We field a lot of questions from Southern Maryland homeowners who are thinking selling their homes, but the most frequently asked question is, “What’s it worth?”
Homeowners, of course, are referring to their home’s value, but even after that is determined, the “What’s it worth?” questions continue. These are three of the most common questions about items that may (or may not!) add to a home’s value.
What’s a view worth?
This question usually comes from a homeowner who just found out that his home with an amazing view is worth less than he thought. If two homes are identical and only one of them has a view, it’s a safe bet that the one with the view with be worth more.
But how much more? Well, that depends on who you ask. Some real estate professionals say there is no value in a view, while others claim that the view may increase the value as much as 15 percent over similar homes without a view.
Texas Christian University’s Mauricio Rodriguez, PhD, and C.F. Sirmans of Florida State University studied the topic and found that, at least for the housing market they examined, “a good view adds about 8 percent to the value of a single-family house.” (Rodriques/Sirmans: Quantifying the Value of a View in Single-Family Housing Markets)
Because the final determination of a home’s market value is decided by an appraiser, we sought an appraiser’s opinion. Michael Fox, a New York State Certified Residential Appraiser with MF Appraisals in Westchester, conducted his own informal study of the value of a golf course view.
Fox analyzed four years’ worth of sales in a townhome development. He found that the golf course view was worth from nearly 6 percent to 6.85 percent, depending on the year the home sold. “Throughout the marketing of the project,” he said, “regardless of changing market conditions, buyers paid more for units with a view of the golf course.”
No matter what the view is – city skyline, open space, or golf course – it’s worth something, even if there’s no consensus exactly how much.
Will a pool add value to my home?
This is a very popular question. And it’s easier to answer than questions about the value of a view.
The National Association of Realtors’ National Center for Real Estate Research claims that “. . .an in-ground swimming pool adds about 8 percent to value” and that “an above ground pool adds no value.”
The National Association of Homebuilders, however, finds that, of homebuyers who expressed a desire for a pool, most said they would be OK with a community pool.
Like so many things, real estate value comes down to location. The value of a pool depends on where in the country the home is located. Buyers in warm regions tend to put more value on a pool than buyers in cooler areas. So, yes, a pool adds value to a Phoenix or Las Vegas home but may not add a penny to a similar home in Minneapolis or Omaha.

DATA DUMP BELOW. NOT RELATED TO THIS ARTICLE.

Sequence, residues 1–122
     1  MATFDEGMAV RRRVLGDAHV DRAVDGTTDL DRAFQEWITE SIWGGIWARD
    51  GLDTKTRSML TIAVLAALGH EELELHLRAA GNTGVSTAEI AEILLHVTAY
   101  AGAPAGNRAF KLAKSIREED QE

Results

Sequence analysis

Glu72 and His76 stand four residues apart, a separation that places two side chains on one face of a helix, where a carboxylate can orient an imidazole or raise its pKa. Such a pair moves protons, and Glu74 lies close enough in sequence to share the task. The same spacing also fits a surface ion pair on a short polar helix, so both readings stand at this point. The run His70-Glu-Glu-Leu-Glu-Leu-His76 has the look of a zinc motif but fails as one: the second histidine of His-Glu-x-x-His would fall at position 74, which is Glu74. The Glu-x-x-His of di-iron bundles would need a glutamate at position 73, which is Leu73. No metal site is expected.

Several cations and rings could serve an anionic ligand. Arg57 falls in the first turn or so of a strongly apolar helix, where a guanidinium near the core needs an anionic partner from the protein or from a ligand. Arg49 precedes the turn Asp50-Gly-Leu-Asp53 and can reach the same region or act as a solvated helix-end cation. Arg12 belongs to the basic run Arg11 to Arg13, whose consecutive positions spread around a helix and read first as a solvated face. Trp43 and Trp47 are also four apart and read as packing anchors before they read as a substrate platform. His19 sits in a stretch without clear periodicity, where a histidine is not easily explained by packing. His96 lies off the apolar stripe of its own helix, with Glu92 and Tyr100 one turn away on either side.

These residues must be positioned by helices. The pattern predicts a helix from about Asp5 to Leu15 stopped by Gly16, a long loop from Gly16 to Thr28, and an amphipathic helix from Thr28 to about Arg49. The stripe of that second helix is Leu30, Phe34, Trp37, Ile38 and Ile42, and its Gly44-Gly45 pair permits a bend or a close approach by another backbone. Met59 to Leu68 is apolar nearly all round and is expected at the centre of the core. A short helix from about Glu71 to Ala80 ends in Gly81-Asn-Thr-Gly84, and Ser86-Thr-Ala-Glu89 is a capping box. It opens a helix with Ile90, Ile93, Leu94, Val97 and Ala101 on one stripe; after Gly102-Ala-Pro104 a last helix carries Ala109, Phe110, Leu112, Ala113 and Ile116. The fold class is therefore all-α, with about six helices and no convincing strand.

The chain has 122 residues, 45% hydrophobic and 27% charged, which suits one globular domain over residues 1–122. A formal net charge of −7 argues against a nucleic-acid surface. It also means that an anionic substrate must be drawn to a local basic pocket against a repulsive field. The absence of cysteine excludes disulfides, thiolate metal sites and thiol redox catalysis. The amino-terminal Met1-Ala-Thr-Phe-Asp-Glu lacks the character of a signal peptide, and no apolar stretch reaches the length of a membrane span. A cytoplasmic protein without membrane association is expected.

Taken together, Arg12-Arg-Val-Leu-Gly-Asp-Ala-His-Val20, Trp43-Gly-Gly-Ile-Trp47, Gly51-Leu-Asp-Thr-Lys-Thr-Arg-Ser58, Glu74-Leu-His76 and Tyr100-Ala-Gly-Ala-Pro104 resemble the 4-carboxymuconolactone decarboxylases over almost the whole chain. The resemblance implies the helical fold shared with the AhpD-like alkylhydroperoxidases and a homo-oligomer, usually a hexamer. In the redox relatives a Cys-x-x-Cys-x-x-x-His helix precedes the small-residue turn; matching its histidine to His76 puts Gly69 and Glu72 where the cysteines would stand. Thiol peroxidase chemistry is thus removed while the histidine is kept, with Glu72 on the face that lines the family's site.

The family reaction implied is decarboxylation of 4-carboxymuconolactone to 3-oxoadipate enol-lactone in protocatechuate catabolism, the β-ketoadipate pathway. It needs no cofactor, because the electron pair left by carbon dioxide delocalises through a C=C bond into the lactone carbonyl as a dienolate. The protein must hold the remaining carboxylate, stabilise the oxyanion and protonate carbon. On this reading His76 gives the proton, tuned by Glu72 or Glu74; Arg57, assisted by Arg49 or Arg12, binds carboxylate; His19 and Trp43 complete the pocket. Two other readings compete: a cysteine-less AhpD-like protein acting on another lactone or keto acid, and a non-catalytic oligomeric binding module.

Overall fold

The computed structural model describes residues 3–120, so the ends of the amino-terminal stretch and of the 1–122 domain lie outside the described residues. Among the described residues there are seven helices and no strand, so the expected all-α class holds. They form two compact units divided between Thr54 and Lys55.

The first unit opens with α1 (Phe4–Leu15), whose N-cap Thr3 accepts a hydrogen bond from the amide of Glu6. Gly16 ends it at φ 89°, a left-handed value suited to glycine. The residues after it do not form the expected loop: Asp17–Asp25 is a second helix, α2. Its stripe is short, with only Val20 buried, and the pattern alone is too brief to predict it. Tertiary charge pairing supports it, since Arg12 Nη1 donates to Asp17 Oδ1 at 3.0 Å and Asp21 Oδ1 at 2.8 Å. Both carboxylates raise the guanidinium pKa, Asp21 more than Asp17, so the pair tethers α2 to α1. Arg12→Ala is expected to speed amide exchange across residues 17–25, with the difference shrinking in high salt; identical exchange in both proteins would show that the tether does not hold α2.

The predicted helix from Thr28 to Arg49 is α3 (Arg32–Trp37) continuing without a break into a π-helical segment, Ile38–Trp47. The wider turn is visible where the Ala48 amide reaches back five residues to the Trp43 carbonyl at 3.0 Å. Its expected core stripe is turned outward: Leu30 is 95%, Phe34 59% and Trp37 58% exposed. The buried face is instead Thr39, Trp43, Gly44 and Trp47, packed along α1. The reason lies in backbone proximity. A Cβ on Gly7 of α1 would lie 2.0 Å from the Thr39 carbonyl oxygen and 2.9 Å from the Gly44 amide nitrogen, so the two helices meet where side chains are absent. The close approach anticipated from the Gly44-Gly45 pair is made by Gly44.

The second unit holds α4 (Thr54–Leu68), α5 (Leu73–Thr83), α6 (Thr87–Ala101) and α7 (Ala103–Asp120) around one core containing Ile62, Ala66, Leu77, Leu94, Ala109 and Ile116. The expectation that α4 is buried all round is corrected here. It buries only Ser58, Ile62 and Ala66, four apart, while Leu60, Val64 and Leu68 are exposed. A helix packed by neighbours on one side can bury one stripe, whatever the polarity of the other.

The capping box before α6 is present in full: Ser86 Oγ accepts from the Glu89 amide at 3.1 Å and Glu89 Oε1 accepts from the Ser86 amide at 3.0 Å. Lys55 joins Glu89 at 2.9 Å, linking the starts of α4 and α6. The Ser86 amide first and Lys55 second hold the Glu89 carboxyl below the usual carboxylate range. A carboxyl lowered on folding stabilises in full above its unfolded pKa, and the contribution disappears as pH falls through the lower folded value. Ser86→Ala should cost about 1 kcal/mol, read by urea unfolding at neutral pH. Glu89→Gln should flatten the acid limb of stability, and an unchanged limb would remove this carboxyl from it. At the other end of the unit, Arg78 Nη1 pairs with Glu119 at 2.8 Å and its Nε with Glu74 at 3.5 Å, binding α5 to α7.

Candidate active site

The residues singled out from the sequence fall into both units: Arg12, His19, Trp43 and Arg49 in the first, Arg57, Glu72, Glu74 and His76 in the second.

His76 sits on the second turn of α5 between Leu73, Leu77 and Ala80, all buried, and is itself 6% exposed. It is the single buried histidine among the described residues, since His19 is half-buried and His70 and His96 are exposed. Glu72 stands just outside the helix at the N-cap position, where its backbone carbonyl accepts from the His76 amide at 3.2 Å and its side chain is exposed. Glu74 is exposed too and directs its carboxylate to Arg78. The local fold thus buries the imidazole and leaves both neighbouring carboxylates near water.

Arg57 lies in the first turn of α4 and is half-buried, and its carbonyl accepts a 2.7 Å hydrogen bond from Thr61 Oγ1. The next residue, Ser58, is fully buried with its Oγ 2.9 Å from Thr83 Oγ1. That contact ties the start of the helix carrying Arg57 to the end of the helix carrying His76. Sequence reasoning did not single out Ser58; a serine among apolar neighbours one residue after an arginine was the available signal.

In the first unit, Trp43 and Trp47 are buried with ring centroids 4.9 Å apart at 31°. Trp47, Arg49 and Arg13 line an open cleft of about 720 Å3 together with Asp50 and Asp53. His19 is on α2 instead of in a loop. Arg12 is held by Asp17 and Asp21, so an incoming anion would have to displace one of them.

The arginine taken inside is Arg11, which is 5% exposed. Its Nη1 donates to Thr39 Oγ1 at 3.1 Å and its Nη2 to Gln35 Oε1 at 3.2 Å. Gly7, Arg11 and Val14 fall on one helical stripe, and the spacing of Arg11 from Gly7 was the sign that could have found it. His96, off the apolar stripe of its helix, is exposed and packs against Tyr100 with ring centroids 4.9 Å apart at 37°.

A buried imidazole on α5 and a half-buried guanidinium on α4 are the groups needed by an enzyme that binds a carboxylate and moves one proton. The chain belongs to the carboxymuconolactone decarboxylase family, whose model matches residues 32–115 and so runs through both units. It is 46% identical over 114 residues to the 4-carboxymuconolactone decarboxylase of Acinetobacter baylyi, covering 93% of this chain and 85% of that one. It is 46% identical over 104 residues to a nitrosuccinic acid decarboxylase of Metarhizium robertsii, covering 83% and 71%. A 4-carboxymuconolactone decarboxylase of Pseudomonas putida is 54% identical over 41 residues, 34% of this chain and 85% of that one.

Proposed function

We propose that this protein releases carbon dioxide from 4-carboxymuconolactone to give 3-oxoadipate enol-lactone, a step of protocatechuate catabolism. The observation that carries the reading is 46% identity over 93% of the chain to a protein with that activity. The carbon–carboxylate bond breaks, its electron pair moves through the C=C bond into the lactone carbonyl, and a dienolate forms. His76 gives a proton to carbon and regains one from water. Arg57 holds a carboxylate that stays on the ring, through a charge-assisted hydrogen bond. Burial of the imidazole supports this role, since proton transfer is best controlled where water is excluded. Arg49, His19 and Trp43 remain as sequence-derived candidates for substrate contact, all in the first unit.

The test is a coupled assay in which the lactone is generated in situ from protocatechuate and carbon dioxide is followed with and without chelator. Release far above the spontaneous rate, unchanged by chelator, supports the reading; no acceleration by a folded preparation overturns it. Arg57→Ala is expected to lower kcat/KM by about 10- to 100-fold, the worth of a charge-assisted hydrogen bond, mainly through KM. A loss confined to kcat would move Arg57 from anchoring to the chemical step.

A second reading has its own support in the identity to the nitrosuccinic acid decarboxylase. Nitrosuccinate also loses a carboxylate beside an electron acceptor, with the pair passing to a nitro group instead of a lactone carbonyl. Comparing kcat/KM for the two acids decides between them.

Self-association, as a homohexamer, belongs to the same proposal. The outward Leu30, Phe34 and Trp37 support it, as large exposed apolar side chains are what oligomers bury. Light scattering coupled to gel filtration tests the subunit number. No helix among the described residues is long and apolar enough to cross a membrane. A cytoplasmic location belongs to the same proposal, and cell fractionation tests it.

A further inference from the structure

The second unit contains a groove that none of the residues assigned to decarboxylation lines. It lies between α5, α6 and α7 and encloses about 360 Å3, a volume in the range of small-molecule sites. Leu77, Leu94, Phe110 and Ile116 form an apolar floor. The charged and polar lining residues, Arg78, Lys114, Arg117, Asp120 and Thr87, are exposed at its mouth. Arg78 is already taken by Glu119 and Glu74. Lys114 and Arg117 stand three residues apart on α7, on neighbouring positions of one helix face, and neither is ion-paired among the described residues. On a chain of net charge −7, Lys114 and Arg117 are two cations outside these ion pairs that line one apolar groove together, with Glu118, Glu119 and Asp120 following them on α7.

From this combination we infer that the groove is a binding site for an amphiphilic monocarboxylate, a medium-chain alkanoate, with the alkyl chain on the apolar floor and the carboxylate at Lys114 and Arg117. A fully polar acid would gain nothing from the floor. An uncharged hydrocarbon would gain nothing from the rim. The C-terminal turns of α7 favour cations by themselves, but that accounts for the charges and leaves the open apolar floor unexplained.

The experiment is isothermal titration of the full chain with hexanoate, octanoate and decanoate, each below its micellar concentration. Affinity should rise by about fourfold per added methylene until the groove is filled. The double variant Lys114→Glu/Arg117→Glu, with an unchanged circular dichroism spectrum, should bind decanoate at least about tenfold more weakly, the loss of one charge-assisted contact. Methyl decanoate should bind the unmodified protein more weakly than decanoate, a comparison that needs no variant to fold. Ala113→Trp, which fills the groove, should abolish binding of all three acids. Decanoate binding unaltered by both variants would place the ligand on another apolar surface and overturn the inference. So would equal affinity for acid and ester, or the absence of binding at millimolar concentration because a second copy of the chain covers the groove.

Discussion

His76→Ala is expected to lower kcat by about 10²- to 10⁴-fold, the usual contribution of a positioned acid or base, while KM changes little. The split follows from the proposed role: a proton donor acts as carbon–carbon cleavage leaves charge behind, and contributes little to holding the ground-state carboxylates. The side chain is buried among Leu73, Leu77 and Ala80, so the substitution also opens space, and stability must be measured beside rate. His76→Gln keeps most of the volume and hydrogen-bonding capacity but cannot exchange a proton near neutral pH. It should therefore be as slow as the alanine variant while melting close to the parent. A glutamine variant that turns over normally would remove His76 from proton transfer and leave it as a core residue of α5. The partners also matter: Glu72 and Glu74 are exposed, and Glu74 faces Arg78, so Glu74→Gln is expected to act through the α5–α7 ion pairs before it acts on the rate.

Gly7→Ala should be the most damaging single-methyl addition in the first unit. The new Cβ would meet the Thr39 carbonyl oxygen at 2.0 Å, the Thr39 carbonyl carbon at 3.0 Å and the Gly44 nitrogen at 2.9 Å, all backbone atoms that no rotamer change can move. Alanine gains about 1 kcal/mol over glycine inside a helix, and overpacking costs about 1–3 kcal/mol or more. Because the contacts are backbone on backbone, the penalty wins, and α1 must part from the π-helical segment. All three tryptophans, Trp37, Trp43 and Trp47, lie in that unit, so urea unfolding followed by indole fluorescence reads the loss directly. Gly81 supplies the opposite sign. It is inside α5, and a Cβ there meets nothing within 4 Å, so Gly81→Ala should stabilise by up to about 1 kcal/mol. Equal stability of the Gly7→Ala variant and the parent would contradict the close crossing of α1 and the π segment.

In fact, the National Association of Realtors study we mentioned earlier finds that Southwest homeowners with a pool can realize an 11 percent bump in value (unlike the 8 percent for homeowners elsewhere).
But for any pool to be considered valuable, it needs to be in good condition. Otherwise, the pool can actually drag a home’s value down.
Which renovations will boost my home’s value the most?
Everyone wants the answer to this one!
Remember that any renovations you make to the home will only pay you back, on average, “64.3 cents on the dollar in resale value,” according to Remodeling Magazine’s 2017 Cost vs. Value Report.
That said, the report says that these projects will give you the most bang for your buck:
Replacing attic insulation – A contractor air-seals the attic floor to stop air leakage and then adds fiberglass insulation to a thickness equal to R-30 insulation. This project pays for itself, according to the magazine’s report – returning 107.7 percent of the cost when the home sells.
Front door replacement – Ditch the old door and replace it with a steel one. It will cost you about $1,400 (national average), and you’ll recoup 90.7 percent upon the sale of the home.
Minor kitchen remodel – This project involves replacing the cabinet and drawer fronts and adding new hardware; replacing the appliances with energy-efficient models; installing new laminate countertops; installing a new sink and faucet; repainting trim, adding wall covering and replacing the flooring. Total cost: $20,830, and the homeowner will recoup 80.2 percent of that after the sale.
Kitchens are very important to buyers, so let’s dig a little deeper into this facet of home renovations. Consumer Reports finds that millennial homebuyers overwhelmingly want a “modern/updated kitchen.” The group goes on to suggest that for a mere $5,000 you can add new appliances, countertops, and flooring and splash some fresh paint on the walls and realize a 3 to 7 percent bump in home value.
Buyers also love anything you do to the home that helps save on energy bills. This includes replacing old windows with high-efficiency versions, replacing utility-hogging appliances, and the aforementioned beef-up of the home’s insulation. The Consumer Reports study claims that replacing old windows with “Energy Star certified windows can lower your home’s energy bills by 7 to 15 percent.”
Now THAT is a hot selling point!
Hughesville MD Homes for Sale and Real Estate Services in Southern Maryland. You now have a search engine to help you with your Southern Maryland home search! And I’m ready to provide you with a custom home valuation if you’re considering selling your home. Let’s connect to discuss how I can help you. Contact Kimberly Bean at 301-440-1309
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